CLAIM HISTORY

         Hilton filed for DIB on January 5, 2013, claiming that her disability began on July 20, 2010, due to degenerative joint disease of the right knee, left hip, and lumbar spine, arthritis, and muscle tearing in the right knee. R. 16, 167-68, 186. Hilton's date last insured was December 31, 2010; thus she must show that her disability began on or before this date and existed for twelve continuous months to receive DIB.[2] R. 183; 42 U.S.C. §§ 423(a)(1)(A), (c)(1)(B), (d)(1)(A); 20 C.F.R. §§ 404.101(a), 404.131(a). The state agency denied Hilton's applications at the initial and reconsideration levels of administrative review. R. 72-76, 78-83. On November 13, 2015, ALJ Thomas W. Erwin held a hearing to consider Hilton's claims for DIB. R. 36-70. Counsel represented Hilton at the hearing, which included testimony from vocational expert Ricky D. Bradley. On December 22, 2015, the ALJ entered his decision analyzing Hilton's claims under the familiar five-step process[3] and denying her claim for benefits. R. 16-30. The ALJ found that Hilton was insured at the time of the alleged disability onset. The ALJ found that during the period of her alleged disability Hilton engaged in substantial gainful activity by working at an arts and crafts store she owned through the date last insured. R. 18. Accordingly, the ALJ determined at step one that Hilton was not disabled because she was engaging in substantial gainful activity. Id.

         In addition, the ALJ continued with the five step process and made an alternative finding at step four, concluding that Hilton was not disabled. R. 19-30. The ALJ determined that Hilton suffered from the severe impairments of degenerative joint disease of the right knee, degenerative disc disease of the lumbar spine, history of right ankle fracture, and hip dysfunction. R. 20. The ALJ determined that these impairments, either individually or in combination did not meet or medically equal a listed impairment. Id. The ALJ specifically considered listings 1.02 (major joint dysfunction), 1.03 (reconstructive surgery of major weight-bearing joint), and 1.04 (disorders of the spine). The ALJ determined that Hilton retained the residual functional capacity (“RFC”) to perform a limited range of light work. R. 21. Specifically, the ALJ found that Hilton can only occasionally operate foot controls with the right lower extremity, climb, stoop, kneel, crouch, or crawl, and can never be exposed to hazardous machinery, unprotected heights, or climb ladders, ropes or scaffold. Id.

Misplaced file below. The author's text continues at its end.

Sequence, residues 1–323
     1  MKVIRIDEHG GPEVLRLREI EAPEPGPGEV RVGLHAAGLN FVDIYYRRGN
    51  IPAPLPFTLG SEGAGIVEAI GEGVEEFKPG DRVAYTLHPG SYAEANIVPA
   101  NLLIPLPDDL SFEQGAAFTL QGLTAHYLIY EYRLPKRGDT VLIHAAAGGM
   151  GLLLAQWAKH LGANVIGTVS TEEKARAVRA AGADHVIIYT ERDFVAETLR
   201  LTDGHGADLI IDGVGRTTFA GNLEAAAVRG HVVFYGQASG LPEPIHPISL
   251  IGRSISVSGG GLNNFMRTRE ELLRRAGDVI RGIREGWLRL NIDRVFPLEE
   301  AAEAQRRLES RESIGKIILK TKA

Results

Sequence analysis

The ALJ determined that Hilton was capable of performing her past relevant work as a phlebotomist and sales clerk. R. 29. Thus, the ALJ concluded that Hilton was not disabled. R. 30. Hilton appealed the ALJ's decision and the Appeals Council denied her request for review on January 30, 2017. R. 1-3.